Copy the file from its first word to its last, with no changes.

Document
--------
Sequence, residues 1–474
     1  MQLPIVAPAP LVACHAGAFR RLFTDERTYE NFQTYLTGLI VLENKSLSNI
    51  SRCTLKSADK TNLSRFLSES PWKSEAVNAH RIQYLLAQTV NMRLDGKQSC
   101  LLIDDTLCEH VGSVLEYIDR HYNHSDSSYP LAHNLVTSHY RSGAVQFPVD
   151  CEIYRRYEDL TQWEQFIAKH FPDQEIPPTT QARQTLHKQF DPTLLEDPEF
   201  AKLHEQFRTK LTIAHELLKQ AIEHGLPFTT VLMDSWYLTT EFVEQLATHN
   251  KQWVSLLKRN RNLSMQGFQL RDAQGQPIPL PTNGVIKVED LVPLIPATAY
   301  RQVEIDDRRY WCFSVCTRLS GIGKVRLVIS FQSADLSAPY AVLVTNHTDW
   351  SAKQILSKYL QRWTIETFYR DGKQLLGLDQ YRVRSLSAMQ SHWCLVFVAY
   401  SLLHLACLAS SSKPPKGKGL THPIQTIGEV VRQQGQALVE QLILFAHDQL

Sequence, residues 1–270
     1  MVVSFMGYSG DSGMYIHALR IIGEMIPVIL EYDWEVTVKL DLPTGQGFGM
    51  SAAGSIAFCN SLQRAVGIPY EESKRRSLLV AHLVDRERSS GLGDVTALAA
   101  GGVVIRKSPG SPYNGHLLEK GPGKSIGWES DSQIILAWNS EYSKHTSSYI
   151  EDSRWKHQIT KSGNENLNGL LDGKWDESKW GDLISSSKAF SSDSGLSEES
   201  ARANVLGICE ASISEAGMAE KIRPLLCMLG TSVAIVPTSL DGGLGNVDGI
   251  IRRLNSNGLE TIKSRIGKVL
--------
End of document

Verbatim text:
Sequence, residues 1–474
     1  MQLPIVAPAP LVACHAGAFR RLFTDERTYE NFQTYLTGLI VLENKSLSNI
    51  SRCTLKSADK TNLSRFLSES PWKSEAVNAH RIQYLLAQTV NMRLDGKQSC
   101  LLIDDTLCEH VGSVLEYIDR HYNHSDSSYP LAHNLVTSHY RSGAVQFPVD
   151  CEIYRRYEDL TQWEQFIAKH FPDQEIPPTT QARQTLHKQF DPTLLEDPEF
   201  AKLHEQFRTK LTIAHELLKQ AIEHGLPFTT VLMDSWYLTT EFVEQLATHN
   251  KQWVSLLKRN RNLSMQGFQL RDAQGQPIPL PTNGVIKVED LVPLIPATAY
   301  RQVEIDDRRY WCFSVCTRLS GIGKVRLVIS FQSADLSAPY AVLVTNHTDW
   351  SAKQILSKYL QRWTIETFYR DGKQLLGLDQ YRVRSLSAMQ SHWCLVFVAY
   401  SLLHLACLAS SSKPPKGKGL THPIQTIGEV VRQQGQALVE QLILFAHDQL

Sequence, residues 1–270
     1  MVVSFMGYSG DSGMYIHALR IIGEMIPVIL EYDWEVTVKL DLPTGQGFGM
    51  SAAGSIAFCN SLQRAVGIPY EESKRRSLLV AHLVDRERSS GLGDVTALAA
   101  GGVVIRKSPG SPYNGHLLEK GPGKSIGWES DSQIILAWNS EYSKHTSSYI
   151  EDSRWKHQIT KSGNENLNGL LDGKWDESKW GDLISSSKAF SSDSGLSEES
   201  ARANVLGICE ASISEAGMAE KIRPLLCMLG TSVAIVPTSL DGGLGNVDGI
   251  IRRLNSNGLE TIKSRIGKVL